Photo by Larry Cihanek
When Larry Cihanek decided to retire from his 42-year career at a New York City advertising firm, he had a pastoral vision for retirement: He and his wife, Ann, would buy a rural property north of the city, purchase a few dairy goats, and settle into their new life as goat’s milk cheesemakers. They found the land and got the goats, but before their dream could be fully realized, a former military fort on New York’s Staten Island issued a call for ruminant grazing services that put Larry and Ann on a chèvre-less course that continues to this day.
Fort Wadsworth is part of the Gateway National Recreation Area, and, prior to its closure in 1994, was the longest-garrisoned military installation in the country. “In 2007, they sent 400 emails out to every goat owner within 100 miles to ask if someone, anyone, would bring in goats to clear an overgrown Civil War gun battery,” Larry says. Only eight goatherds responded, and seven said it couldn’t be done — but Larry and Ann were up for a challenge. They added five more goats to their existing herd of two (affectionately named Curry and Stew) and launched a business called Green Goats, which fulfilled the contract and has returned to the fort every year since.
Why Clear Land with Goats?
Grazing goats serve several niche markets nationwide, including the clearing of land that’s sensitive to disturbance or difficult to reach with machinery. Following the goats’ success clearing Fort Wadsworth, Larry and Ann contracted with the Jersey City and Harsimus Cemetery, which is one of the oldest cemeteries in the United States and the resting place for thousands of Revolutionary War and Civil War soldiers. “The ground is unlevel; some gravestones are up, some are down,” Larry says. But, unlike machines, goats expertly handle varied topography and delicate historic sites. Larry explains that in addition, cemeteries offering natural burials are growing in popularity and often stipulate that no motorized maintenance equipment can be used. For years, this meant hand-picking vegetation around gravestones — now, it means deploying grazing goats.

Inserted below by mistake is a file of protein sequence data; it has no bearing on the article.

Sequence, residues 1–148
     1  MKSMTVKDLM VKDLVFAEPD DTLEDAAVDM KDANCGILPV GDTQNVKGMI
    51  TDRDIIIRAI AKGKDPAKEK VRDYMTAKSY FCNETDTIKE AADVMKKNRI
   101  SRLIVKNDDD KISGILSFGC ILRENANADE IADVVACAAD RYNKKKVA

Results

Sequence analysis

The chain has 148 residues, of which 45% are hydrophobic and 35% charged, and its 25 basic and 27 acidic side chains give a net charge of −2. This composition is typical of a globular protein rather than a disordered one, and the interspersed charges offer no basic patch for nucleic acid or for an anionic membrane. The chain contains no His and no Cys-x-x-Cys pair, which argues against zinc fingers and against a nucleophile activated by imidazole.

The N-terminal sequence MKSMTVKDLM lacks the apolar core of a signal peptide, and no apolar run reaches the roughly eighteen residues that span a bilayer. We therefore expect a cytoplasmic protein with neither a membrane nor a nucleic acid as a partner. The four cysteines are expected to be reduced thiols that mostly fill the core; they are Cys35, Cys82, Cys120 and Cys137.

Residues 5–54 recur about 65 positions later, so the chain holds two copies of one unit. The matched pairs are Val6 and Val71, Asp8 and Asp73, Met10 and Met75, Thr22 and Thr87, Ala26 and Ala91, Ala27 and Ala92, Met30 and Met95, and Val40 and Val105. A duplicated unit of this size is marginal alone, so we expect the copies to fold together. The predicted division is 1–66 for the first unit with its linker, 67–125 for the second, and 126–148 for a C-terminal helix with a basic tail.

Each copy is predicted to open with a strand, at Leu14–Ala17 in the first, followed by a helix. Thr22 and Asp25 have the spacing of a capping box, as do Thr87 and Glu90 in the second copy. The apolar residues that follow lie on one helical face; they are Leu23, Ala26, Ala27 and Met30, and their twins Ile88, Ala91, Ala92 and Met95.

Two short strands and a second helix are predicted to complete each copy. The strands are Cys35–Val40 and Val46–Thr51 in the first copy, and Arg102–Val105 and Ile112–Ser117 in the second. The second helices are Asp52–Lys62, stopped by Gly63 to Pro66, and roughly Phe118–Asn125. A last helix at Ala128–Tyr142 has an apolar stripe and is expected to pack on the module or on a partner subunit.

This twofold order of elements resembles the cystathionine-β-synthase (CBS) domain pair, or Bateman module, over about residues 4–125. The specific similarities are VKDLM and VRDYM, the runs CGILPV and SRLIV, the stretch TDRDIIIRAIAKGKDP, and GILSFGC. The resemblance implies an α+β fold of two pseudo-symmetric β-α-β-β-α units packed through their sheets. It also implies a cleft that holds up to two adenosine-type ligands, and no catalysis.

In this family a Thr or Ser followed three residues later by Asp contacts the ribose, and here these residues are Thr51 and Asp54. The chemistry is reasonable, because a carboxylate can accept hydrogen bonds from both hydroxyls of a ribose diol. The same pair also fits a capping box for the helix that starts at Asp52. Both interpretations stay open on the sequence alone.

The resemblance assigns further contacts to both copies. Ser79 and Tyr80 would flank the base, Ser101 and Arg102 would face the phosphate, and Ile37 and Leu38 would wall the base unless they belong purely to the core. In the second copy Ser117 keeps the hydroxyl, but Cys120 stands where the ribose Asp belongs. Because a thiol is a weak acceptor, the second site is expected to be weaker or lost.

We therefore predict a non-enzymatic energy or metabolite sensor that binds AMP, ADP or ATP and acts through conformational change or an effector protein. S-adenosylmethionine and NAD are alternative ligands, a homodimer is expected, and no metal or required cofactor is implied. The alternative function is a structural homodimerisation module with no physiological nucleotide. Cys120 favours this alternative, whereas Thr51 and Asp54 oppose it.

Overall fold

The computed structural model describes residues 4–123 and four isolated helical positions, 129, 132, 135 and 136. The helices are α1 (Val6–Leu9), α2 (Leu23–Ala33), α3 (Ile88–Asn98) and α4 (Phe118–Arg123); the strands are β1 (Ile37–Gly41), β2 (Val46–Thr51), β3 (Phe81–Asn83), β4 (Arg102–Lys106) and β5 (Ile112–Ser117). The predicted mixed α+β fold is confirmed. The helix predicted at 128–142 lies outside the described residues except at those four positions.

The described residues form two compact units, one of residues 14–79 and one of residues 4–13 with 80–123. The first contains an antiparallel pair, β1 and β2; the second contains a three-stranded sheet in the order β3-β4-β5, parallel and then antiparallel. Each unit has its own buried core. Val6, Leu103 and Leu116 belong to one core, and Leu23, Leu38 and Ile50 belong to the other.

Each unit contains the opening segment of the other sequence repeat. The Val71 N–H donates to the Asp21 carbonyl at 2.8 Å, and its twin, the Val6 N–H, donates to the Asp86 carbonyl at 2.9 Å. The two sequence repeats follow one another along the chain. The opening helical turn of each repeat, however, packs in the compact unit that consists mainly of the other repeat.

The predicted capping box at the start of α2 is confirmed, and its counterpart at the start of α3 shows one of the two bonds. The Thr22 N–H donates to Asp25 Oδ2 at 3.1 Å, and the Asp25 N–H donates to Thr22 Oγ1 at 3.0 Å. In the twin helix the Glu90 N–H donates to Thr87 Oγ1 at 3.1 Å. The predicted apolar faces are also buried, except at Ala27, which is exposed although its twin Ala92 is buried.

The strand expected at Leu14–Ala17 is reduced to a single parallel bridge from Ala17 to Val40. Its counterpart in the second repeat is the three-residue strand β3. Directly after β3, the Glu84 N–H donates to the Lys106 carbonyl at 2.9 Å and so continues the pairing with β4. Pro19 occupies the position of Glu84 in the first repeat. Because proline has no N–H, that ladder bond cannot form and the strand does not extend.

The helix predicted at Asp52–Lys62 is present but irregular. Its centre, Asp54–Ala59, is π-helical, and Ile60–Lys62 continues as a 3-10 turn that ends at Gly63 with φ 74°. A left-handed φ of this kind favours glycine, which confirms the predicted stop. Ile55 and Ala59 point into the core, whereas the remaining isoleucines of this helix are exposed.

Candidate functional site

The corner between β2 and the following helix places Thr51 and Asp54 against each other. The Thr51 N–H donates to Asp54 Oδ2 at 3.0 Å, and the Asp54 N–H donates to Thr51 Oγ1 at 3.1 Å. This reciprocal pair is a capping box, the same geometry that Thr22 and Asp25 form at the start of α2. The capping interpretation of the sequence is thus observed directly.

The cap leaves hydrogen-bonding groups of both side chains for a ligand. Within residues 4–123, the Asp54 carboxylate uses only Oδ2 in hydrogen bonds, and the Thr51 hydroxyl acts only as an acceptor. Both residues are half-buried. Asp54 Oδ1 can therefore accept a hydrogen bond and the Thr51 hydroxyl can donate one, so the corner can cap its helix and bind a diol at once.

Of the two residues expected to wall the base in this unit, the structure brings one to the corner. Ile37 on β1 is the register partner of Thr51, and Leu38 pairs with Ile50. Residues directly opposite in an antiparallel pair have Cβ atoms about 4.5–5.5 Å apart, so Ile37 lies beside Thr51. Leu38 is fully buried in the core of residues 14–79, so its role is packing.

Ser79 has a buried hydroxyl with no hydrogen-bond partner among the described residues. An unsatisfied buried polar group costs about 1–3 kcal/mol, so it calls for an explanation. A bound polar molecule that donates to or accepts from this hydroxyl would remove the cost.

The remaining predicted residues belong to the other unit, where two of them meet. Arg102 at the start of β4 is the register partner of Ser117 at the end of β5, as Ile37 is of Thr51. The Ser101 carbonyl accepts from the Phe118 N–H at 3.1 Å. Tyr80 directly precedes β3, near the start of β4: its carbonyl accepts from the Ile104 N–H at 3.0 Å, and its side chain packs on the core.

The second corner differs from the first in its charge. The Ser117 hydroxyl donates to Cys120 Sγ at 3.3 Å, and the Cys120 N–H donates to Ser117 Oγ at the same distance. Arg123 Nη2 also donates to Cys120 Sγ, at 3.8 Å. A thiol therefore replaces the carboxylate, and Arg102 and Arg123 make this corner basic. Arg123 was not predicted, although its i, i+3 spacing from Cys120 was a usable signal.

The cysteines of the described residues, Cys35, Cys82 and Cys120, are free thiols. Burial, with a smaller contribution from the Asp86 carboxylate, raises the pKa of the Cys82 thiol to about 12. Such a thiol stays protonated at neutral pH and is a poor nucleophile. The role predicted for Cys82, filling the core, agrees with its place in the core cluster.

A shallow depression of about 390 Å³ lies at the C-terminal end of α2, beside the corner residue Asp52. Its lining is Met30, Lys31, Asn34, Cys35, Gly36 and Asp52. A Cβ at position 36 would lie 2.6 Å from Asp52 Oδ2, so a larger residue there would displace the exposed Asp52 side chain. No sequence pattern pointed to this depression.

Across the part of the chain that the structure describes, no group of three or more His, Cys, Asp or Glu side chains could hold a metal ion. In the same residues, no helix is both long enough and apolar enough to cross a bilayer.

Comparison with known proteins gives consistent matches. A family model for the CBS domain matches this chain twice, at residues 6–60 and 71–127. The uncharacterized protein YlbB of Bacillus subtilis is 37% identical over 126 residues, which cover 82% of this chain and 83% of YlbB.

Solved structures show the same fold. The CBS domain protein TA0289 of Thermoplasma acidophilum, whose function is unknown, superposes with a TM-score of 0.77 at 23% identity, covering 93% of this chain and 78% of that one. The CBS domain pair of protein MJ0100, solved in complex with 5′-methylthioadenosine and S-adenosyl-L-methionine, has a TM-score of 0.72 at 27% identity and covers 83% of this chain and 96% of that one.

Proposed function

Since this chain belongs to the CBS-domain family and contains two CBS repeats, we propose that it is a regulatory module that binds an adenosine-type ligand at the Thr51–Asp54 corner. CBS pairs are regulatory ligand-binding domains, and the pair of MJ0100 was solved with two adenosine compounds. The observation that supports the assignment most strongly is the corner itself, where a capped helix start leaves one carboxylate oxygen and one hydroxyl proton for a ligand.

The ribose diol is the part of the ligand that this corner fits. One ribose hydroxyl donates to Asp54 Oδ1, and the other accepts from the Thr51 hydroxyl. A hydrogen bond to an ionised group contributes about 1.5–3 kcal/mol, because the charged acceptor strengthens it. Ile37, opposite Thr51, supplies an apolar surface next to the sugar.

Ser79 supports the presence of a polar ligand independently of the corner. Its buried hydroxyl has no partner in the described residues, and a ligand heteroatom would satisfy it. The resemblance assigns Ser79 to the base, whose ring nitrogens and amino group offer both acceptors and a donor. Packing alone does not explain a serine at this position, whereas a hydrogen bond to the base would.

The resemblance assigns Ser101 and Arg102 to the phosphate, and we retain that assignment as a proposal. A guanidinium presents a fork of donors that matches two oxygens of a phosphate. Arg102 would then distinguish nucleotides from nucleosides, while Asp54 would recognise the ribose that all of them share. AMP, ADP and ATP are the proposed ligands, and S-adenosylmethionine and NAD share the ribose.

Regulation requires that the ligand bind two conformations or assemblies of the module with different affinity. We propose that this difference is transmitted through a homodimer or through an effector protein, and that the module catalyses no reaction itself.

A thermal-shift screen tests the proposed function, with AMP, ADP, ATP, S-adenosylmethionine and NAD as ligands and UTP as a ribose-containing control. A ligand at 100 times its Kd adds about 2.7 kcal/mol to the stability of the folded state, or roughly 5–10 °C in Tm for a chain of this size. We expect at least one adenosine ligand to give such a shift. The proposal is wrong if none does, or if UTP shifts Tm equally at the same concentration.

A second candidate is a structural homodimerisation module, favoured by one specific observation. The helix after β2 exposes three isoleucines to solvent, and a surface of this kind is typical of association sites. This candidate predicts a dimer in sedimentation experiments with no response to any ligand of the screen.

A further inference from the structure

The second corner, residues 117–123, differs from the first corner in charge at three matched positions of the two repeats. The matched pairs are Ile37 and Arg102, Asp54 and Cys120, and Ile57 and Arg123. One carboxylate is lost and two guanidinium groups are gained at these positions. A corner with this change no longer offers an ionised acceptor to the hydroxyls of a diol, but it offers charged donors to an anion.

Photo by Larry Cihanek
In other cases, goats can reach areas that are dangerous for people. At the Walkway Over the Hudson, a historic railroad trestle that’s now the world’s longest elevated pedestrian bridge, poison ivy and thorny bushes proliferate in the fenced-off areas where trestle extensions hit the ground. Before Green Goats took the job, human workers attempting to clear the unwanted plants were routinely sent to the hospital with severe poison ivy rashes. “The goats go in and love the ivy,” Larry says. “And they aren’t held back by unions.”
In addition to ivy, goats are adept at removing wild roses, invasive Phragmites reeds, Japanese knotweed, porcelain berry, kudzu, autumn olive, oriental bittersweet, tree of heaven, and just about every other unwanted or invasive plant. Compared with land cleared by mechanical mowing equipment, property cleared by Green Goats’ services gains a boost to biodiversity. One university client documented three species of plants before grazing one test location. The goats swept through, removing the dominant plant, and 10 species grew back. Fossil-fueled machinery tends to scare away wildlife, and Larry has noticed many birds nesting on properties that switch from mowing to grazing.